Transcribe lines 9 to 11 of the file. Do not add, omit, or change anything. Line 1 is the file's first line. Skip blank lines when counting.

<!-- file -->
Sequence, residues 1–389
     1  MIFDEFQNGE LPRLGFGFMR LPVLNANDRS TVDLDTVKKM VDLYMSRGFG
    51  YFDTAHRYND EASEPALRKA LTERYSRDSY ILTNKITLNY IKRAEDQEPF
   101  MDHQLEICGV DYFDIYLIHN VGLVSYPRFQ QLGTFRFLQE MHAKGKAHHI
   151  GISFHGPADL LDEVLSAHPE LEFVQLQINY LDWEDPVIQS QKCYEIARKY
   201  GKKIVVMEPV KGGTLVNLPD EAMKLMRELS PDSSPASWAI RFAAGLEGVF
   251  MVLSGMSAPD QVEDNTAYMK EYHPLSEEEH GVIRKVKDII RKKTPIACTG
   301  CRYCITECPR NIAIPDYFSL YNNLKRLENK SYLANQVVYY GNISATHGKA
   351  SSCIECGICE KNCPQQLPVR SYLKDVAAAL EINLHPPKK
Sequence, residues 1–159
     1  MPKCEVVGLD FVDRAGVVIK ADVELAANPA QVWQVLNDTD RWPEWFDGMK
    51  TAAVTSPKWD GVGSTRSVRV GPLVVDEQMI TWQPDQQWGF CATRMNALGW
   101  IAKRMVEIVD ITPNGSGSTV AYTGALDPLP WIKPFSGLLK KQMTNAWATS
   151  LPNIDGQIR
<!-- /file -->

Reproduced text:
   351  SSCIECGICE KNCPQQLPVR SYLKDVAAAL EINLHPPKK
Sequence, residues 1–159
     1  MPKCEVVGLD FVDRAGVVIK ADVELAANPA QVWQVLNDTD RWPEWFDGMK